According to Palmetto police officer Micah Mathews’ report, the dogs snout was sticking up as it tried to tread water.
“Mr. Bell said he was trying to make the dog stronger,” Mathews wrote.
“The dog was unable to touch the ground and was not able to move the weight,” the officer wrote. “When I arrived I could see only the nose of the dog out of the water.”
On the officer’s request, Bell brought the dog to shore. Bell told the officer the dog had been swimming in place for about 15 minutes.
Mathews asked Bell the same question that’s probably running through your mind right now: Would he like to be anchored to a dumbbell and left in the water like that? Bell replied, “Hell no,” the police report states.
Bell was not the dog’s owner, animal control officials said.
The dog was returned to its original owner and animal control officials said it suffered no lasting physical damage.
Posted by jwoestendiek January 27th, 2012 under Muttsblog.
Tags: abuse, animal cruelty, animals, blackie, conditioning, cruelty to animals, dog, dogfighting, dumb bell, dumbbell, florida, jail, manatee, mix, neck, palmetto, pets, pit bull, plea, police, river, sentence, sentenced, tied, torture, training, willie bell
There will always be a sourpuss or two who points out “it’s only a dog” and complains it’s a waste of taxpayer money, but I like this trend of rescue workers saving dogs — and capturing their own heroics on video.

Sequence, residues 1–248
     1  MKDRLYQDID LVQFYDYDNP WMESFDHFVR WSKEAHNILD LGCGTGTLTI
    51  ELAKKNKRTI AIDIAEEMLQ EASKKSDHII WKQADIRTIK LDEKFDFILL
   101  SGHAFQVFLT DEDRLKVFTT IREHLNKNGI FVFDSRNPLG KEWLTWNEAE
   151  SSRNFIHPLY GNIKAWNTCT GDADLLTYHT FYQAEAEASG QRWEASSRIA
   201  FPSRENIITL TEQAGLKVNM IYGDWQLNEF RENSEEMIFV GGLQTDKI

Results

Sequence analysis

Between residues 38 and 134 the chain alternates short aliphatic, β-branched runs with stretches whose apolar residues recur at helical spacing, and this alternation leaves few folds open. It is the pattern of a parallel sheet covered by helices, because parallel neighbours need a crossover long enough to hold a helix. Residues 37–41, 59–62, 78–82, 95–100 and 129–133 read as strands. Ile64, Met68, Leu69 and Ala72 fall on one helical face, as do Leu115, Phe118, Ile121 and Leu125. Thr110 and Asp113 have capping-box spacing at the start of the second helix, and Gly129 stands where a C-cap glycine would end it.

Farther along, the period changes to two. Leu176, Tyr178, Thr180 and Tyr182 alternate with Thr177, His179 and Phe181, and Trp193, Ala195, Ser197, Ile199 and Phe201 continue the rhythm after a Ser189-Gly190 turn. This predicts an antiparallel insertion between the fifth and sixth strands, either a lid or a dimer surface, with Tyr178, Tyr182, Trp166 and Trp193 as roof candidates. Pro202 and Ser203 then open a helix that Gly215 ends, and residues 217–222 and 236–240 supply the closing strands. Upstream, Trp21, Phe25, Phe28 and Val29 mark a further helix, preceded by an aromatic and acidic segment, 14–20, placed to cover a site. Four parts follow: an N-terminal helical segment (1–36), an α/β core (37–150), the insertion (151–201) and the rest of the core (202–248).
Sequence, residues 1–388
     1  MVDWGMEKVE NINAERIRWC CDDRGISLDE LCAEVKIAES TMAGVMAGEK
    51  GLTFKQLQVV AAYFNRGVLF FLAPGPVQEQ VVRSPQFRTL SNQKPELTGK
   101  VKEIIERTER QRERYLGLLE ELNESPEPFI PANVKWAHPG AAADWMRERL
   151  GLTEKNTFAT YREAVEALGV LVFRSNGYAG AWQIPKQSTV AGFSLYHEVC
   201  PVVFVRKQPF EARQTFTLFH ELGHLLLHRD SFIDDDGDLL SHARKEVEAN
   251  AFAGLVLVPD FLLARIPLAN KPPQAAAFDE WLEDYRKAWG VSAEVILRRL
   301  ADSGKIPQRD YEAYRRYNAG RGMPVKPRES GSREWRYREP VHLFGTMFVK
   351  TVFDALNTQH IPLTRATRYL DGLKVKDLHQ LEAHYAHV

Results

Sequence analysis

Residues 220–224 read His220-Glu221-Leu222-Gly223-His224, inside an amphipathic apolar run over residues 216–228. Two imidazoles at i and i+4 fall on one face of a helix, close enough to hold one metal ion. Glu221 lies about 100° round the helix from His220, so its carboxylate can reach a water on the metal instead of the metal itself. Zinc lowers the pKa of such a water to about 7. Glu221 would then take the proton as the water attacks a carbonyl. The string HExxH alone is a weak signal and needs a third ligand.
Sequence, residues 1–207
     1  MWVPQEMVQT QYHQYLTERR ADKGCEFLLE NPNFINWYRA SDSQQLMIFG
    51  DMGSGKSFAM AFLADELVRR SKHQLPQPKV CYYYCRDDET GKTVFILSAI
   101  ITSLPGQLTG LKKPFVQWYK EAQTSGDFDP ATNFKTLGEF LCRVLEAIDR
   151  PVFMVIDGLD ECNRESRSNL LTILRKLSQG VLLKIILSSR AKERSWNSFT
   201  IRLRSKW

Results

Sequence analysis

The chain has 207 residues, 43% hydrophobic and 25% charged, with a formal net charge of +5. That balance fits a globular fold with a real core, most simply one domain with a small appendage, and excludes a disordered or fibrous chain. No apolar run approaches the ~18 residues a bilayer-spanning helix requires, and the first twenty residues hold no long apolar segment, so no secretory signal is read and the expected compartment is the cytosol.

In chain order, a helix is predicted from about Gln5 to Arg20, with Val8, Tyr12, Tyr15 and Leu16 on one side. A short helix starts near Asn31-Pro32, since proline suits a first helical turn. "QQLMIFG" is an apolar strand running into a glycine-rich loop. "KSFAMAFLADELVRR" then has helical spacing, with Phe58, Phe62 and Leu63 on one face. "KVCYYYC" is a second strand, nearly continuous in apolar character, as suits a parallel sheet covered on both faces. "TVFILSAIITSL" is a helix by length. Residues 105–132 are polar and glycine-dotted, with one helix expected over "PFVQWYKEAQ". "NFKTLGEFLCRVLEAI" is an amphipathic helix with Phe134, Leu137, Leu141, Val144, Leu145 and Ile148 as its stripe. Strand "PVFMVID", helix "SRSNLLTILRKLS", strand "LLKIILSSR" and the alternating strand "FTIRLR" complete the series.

It’s happened at least twice on Wednesday, so I can officially call it a trend.
In Fargo, North Dakota, a dog named Jake, clinging for dear life to a chunk of ice, was pulled from the partially frozen Red River by a fire department rescuer wearing a cam.
And in Lincoln County, N.C., the unidentified dog above was carried to safety after being stuck on a dam in the fast-moving South Fork River — all captured by a fire department member filming from the riverbank.
“This is B-Roll video that was shot at the scene of a rescue of a dog off of a low head dam in Lincoln County,” reads the description of the rescue. ”Rescue crews successfully rescued this dog off of the dam and he was taken to a local vet for evaluation and treatment of a head injury and possible hypothermia.”
The video, like the one in Fargo, was posted on YouTube, for the public to see and the media to grab.
What with cutbacks to staff at newspapers and televisions stations, and an increasing reliance on reader/viewer-submitted news, this works out well all the way around. Citizens get served and protected and entertained. Firefighters, police and rescue personnel get some good publicity. The news media gets somebody else to do its work for free.
Come to think of it, it serves us bloggers pretty well, too.